From controlling self-driving cars to mastering creative processes, artificial intelligence tasks are becoming more ambitious. Because of that, it may seem intuitive that the internal workings of AI must grow larger and more complicated to keep up. However, researchers from the Massachusetts Institute of Technology, Institute of Science and Technology Austria, and Vienna University of Technology have developed a novel AI system that challenges this notion. Not only has it been found to learn to steer a vehicle better than current state-of-the-art models, but it also happens to be sixty-three times smaller.
Typically, AI models use numerous mathematical functions (artificial “neurons”) that work together like real biological neurons. In this specific project, the researchers named their system a “neural circuit policy (NCP).” The NCP is an AI system inspired by the simple neural circuits of the nematode Caenorhabditis elegans. In contrast to previous deep learning models, NCPs have very few neurons, and not all neurons form connections with every other neuron. “It is wired very sparsely, [with] only a few synapses, and the wiring is recurrent so it has a lot of feedback connections,” said Mathias Lechner, a PhD student at IST Austria and one of the leaders of the study. In addition, NCP neurons have increased computational capabilities, therefore making it easier to understand the exact function of any neuron at any time.
The NCP is a type of recurrent neural network (RNN)—a model that retains memories of past observations—which translates real-world observations into a vehicle steering command. But remembering and learning from every observation is not always productive, since some occurrences happen by chance. “There could be some spurious correlations [in the training data]. For example, it could happen that always after we see a red car there is a left turn, just by accident. These dependencies are also captured,” Lechner said. Learning these accidental events, therefore, is not useful. However, an AI problem called the vanishing gradient, which makes it difficult for networks to learn from their current input, actually prevents RNNs from establishing these long-term dependencies. This is beneficial to driving, since the act itself necessitates constant adaptation to new scenarios. NCPs “have some memory, but not too much,” as noted by Lechner, and they leverage the benefits of the vanishing gradient to maximize the accuracy of their decisions.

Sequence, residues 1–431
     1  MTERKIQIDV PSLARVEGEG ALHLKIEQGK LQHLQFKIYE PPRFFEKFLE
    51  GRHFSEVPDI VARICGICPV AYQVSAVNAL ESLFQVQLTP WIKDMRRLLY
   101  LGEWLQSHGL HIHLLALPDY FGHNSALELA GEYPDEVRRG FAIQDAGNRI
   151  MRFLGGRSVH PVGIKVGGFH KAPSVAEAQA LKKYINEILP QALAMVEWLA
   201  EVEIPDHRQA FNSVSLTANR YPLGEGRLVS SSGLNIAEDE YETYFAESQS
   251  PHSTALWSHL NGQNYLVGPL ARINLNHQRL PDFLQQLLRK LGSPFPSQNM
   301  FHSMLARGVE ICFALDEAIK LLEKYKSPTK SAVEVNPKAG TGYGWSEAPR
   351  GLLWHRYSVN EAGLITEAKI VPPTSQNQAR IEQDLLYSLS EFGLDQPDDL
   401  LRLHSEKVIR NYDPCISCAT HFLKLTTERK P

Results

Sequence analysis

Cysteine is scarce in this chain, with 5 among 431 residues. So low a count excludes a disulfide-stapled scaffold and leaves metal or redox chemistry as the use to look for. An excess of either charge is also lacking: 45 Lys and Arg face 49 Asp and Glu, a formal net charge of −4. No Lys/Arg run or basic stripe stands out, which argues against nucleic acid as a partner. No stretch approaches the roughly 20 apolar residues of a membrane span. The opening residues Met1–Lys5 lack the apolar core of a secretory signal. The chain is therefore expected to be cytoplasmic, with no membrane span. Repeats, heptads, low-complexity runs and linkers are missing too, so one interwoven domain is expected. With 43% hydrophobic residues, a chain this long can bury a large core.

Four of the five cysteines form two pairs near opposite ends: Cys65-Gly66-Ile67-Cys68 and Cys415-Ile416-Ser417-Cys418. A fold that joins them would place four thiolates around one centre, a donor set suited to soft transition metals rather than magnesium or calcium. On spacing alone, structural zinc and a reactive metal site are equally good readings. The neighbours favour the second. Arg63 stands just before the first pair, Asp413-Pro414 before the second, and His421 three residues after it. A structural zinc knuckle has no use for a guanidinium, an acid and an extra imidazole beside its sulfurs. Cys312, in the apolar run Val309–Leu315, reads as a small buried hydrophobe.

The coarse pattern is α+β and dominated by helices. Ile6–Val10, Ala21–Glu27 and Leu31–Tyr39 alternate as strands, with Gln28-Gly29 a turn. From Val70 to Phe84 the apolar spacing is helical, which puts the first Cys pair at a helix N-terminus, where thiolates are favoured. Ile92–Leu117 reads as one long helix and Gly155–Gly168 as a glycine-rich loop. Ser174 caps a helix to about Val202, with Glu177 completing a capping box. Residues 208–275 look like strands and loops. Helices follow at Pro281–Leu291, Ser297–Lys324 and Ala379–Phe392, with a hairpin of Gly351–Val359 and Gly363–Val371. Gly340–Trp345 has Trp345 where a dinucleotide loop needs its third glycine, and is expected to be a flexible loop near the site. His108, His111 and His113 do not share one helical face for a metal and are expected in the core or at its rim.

Autonomous driving was selected to assess NCP effectiveness, and the researchers found that NCPs outperform traditional AI models in multiple metrics. The ability of NCPs to adapt to differences in lighting, for example, made them significantly better at avoiding crashes. When driving, while other networks focused on the curbside, the NCP focused on the horizon. Since curbsides are highly variable and susceptible to lighting conditions, the other networks displayed more inconsistent focus. By concentrating on the steady horizon, NCPs retained a stronger attention. In addition, NCPs learned more concisely how to drive, making it easier to associate their behaviors with intuitive, human-like decisions. The specific action of every single neuron –– which is often difficult to clearly assess in other models –– could be visualized in NCPs.
NCPs are sparse, compact, and robust, making them an ideal option for technologies that necessitate complex, spontaneous decision-making based on outside stimuli –– such as drones and aircraft. In this way, NCPs demonstrate how the increasingly complex problems ascribed to AI do not always require large, convoluted networks to be solved.